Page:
Twitter handle @DrBartlettEllis
Getting SMART about Developing Adaptive Behavioral Interventions
Date: April 25, 2019
Time: 1 p.m. ET
Presenter: Shawna N. Smith, PhD
Cost: Registration is free for SBM members and $15 for non-members.
Adaptive interventions (AIs) use decision rules to operationalize personalized sequences of treatment or support. These decision rules specify for whom, whether, when, and/or how to change up treatment at critical points along the intervention, and allow practitioners to capitalize on heterogeneity in response to ensure optimal intervention effectiveness. However, open scientific questions frequently prevent scientists from building optimally effective adaptive interventions. In this webinar, we will introduce AIs as well as one experimental design that can be used to inform the development of optimal AIs, the sequential multiple-assignment randomized trial (SMART). SMARTs are intended specifically for empirically informing optimal AIs, by randomizing participants at key decision points to different treatment options. In this talk we will (1) discuss the importance of AIs; (2) provide an overview of SMARTs; and (3) explore key SMART design principles, including common primary and secondary aims. Concepts will be illustrated using SMART studies aimed at developing adaptive behavioral interventions.
I am a healthcare services researcher with an interest in improving access to 'best practice' care, notably mental health and collaborative care programs. I am currently a Research Assistant Professor in the Department of Psychiatry at the University of Michigan Medical School. I am also an affiliate of the Institute for Healthcare Policy & Innovation and the Depression Center, as well as the Data Science for Dynamic Decision-Making (D3) lab, based in the Quantitative Methods Program at the Institute for Social Research.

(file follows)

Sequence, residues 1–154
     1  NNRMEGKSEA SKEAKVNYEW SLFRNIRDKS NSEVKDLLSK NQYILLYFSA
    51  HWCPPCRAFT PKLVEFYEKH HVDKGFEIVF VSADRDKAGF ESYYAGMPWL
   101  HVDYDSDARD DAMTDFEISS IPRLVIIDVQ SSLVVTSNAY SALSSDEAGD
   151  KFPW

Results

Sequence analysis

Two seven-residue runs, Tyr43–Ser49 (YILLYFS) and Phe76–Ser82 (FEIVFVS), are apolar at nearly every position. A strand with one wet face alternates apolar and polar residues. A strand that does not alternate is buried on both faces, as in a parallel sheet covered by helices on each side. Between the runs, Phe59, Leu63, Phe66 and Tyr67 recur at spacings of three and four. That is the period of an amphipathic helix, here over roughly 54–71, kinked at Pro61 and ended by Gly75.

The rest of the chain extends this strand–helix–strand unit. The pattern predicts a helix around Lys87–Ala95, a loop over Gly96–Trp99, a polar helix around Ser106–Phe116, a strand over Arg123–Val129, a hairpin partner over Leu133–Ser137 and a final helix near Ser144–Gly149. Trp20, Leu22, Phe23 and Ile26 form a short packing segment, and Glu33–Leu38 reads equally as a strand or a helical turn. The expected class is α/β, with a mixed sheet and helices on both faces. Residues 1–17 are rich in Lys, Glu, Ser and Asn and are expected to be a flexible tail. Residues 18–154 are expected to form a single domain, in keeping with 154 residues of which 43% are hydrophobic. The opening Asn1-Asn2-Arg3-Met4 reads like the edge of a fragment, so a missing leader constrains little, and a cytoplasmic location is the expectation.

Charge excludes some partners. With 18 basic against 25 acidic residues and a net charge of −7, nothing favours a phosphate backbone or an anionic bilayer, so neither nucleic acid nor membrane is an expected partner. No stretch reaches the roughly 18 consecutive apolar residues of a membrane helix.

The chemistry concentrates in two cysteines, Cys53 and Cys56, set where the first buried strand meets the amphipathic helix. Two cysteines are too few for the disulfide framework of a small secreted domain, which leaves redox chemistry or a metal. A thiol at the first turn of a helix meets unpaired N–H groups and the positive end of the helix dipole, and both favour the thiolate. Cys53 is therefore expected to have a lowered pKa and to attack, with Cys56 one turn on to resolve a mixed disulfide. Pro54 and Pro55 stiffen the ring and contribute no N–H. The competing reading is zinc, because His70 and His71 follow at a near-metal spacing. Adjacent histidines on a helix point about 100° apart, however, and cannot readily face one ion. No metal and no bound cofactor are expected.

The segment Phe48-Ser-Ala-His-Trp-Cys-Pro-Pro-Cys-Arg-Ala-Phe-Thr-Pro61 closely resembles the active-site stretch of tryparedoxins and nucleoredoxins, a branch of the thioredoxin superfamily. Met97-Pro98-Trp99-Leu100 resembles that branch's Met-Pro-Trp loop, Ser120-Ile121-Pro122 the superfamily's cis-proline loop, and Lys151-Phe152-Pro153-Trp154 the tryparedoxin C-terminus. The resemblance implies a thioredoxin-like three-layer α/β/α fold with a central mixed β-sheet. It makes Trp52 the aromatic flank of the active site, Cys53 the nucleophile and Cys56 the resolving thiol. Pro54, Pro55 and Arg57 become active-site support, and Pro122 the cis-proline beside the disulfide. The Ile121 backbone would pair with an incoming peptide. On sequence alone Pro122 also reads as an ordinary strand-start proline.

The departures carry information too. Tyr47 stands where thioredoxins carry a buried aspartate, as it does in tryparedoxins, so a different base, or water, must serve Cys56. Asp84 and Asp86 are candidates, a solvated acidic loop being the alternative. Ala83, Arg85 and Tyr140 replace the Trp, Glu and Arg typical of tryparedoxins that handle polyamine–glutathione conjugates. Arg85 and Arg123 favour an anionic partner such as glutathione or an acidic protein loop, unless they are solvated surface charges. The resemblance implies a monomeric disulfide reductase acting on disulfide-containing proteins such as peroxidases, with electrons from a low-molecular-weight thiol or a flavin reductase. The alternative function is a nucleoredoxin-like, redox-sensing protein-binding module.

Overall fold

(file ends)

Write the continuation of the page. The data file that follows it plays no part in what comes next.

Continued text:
Most of my work focuses on developing, informing, and evaluating adaptive interventions, and notably adaptive implementation interventions. Adaptive interventions use ongoing information to make dynamic treatment decisions. My interest is specifically in using data on organizational capacities, capabilities and strengths to adapt implementation support over time, encouraging uptake of mental health evidence-based practices by meeting sites where they are, and ensuring efficient use of implementation resources. I have been involved with a number of trials designed specifically to inform adaptive interventions, most notably two of the first NIH-funded clustered sequential multiple assignment randomized trials (SMARTs) to inform adaptive implementation interventions to increase access to mental health evidence-based practices in community settings, and the first NIH-funded micro-randomized trial (MRT) to inform a just-in-time adaptive intervention (JITAI) to increase daily physical activity among sedentary adults.
A Health Profile of Older Veterans: Implications and Opportunities for Behavioral Medicine Research
Date: May 2, 2019
Time: 1 p.m. ET
Presenters: Katherine Hall, PhD and Kathryn Starr, PhD, RD
Cost: Registration is free for SBM members and $15 for non-members.
The size of the US military veteran population is substantial, at 18.2 million; over 50% of this population is 65 years or older. Military veterans over the age of 65 represent the largest patient group served by the Veterans Health Administration (VHA). These individuals have unique life experiences, lifestyle behaviors, and psychosocial characteristics that contribute to both health advantages, and disparities, later in life. This webinar will broadly explore the health effects of military service, providing an overview of population-level health profiles of older veterans in the context of lifestyle, chronic disease, and health behaviors. Areas of active behavioral medicine research will be presented, as will opportunities for novel interventions targeting this population. Finally, a case study of tailored exercise intervention for older veterans with comorbid physical and mental health conditions will be discussed. The intended audience would be health behavior researchers, clinical providers, population health, graduate students and post-doctoral trainees, health psychology practitioners.